i.          Refuse the motion to withdraw by counsel who had had carriage of the case until then and direct counsel to proceed with the hearing as she was the one who had agreed on the trial date and is well versed in the issues to be tried.

ii.         Allow counsel to withdraw with conditions that costs for the day’s hearing and the costs of travel of the Applicant be paid by the Respondent and adjourn the hearing.

iii.        Proceed with the case after giving the Respondent sufficient time to prepare or obtain alternative legal representation, (Time given should not be days or hours but minutes).

iv.        Proceed with the case immediately after granting the application to withdraw, which was done in this case.

[11]      Paragraph 6 of Schedule 6 of the Employment Act is relevant to the manner the Employment Tribunal conducts proceedings:    





(5) A party before the Tribunal may be represented by a lawyer or by a representative of a trade union or an employers’ organization or any other person as the case may be.

(6) The Tribunal shall before making any decision-

(a) afford the parties the opportunity to be heard;

(b) generally observe the rules of natural justice.

(7) Notwithstanding the foregoing, the Tribunal shall have power to conduct proceedings in whatever manner it considers most appropriate.

[12]      It is my considered opinion that in order to abide by the provisions of paragraph 6 of the 6th Schedule, certain basic norm of practice in hearing of civil matters need to be observed to ensure fairness. Section 65 of the Seychelles Code of Civil Procedure would be useful in guiding the Tribunal on how to proceed where the Respondent is absent on the date of hearing.

65.        If on the day so fixed in the summons when the case is called on the Plaintiff appears but the Defendant does not appear or sufficiently excuse his absence, the court, after due proof of the service of the summons, may proceed to the hearing of the suit and may give judgment in the absence of the Defendant, or may adjourn the hearing of the suit Ex Parte.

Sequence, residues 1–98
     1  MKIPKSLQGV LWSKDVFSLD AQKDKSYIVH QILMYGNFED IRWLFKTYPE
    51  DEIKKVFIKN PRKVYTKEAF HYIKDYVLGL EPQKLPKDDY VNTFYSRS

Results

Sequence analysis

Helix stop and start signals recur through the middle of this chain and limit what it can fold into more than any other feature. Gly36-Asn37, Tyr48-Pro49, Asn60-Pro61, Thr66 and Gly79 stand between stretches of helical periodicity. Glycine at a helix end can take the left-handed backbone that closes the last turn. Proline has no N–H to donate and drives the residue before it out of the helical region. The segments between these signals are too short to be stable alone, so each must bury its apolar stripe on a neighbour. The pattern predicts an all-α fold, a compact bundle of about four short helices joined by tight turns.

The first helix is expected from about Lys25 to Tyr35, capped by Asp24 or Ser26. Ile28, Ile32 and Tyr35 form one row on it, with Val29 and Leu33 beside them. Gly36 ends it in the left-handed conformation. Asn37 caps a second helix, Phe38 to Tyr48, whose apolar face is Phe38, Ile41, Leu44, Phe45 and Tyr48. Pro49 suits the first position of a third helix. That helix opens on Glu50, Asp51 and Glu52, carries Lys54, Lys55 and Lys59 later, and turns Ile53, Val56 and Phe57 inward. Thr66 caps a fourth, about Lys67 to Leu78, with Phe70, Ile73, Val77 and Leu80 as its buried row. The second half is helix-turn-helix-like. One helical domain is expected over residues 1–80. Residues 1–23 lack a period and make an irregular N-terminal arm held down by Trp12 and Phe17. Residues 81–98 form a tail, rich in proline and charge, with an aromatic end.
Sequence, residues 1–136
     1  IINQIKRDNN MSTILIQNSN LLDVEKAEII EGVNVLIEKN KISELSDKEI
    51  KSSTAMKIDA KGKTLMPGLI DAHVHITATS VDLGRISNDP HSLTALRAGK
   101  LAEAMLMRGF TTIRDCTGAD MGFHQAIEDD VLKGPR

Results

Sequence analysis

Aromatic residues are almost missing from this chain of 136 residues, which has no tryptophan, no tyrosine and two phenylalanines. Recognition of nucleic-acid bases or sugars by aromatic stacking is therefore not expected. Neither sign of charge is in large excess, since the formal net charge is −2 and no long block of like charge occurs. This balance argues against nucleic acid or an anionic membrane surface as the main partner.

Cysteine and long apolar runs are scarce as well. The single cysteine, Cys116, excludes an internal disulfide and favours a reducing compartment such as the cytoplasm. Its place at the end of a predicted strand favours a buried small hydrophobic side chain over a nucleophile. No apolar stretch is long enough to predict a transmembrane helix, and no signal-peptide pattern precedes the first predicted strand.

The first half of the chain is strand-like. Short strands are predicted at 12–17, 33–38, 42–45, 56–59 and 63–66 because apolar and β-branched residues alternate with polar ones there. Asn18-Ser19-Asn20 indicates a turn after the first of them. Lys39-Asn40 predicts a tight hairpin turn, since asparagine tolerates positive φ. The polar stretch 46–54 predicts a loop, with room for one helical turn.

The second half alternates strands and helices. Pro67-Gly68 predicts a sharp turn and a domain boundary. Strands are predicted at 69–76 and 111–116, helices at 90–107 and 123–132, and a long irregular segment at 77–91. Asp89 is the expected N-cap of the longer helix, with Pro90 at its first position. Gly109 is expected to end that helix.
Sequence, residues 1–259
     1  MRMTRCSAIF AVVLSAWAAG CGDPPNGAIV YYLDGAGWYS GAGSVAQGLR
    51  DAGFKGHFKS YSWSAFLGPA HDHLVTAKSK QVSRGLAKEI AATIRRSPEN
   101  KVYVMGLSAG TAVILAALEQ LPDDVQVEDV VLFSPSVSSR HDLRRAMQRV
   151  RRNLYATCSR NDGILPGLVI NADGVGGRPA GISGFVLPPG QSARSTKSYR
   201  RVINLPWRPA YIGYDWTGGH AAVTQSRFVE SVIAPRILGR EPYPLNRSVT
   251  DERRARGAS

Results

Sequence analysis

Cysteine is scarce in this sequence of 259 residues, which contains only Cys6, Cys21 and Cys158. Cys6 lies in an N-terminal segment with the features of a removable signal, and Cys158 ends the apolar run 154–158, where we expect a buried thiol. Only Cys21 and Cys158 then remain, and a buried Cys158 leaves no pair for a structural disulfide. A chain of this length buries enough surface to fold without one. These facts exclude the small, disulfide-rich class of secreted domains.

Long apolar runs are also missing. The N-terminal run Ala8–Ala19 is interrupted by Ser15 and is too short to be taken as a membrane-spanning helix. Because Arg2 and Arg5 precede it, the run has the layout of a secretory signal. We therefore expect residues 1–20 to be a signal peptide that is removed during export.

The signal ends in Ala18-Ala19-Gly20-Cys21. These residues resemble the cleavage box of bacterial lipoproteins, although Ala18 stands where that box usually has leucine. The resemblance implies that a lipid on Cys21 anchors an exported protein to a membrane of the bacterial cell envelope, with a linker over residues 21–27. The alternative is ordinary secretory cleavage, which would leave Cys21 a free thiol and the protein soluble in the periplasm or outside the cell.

[13]      In this case the situation is slightly more intricate in that both the Applicant and the Respondent were present with the Respondent now (Appellant) being represented by Mrs Vital. There was no issue of the Respondent then being absent but counsel being unavailable to take over carriage of the case while the counsel who had carriage had applied to withdraw her services.

[14]      The Employment Tribunal was therefore correct to consider the balance of convenience and choose one of the options available to it under its inherent discretionary powers. Paragraph 6(5) of Schedule 6 of the Employment Act states that “A party before the Tribunal may be represented by a lawyer or by a representative of a trade union or an employers’ organization or any other person as the case may be”.  It falls short of making it obligatory for party to be represented by a lawyer. I also note further that throughout the taking of evidence, the representative of the Appellant was asked whether she had any question in cross-examination. It shows there was representation by the Appellant although it is another matter whether it was adequate.

[15]      In my opinion, the decision of the Employment Tribunal to proceed with the hearing the way it did was not the best of the available options but it was not unlawful either. It is not the function of an appellate Court to substitute its finding for that of the lower Court unless it is clear that the finding of the lower Court was wrong in law or was so perverse that no reasonable Court or Tribunal could have reached.

[16]      This appeal therefore cannot succeed and is dismissed accordingly.

[17]      Each party to bear its own costs.

Signed, dated and delivered at Ile du Port on 16 July 2018


G Dodin

Judge of the Supreme Court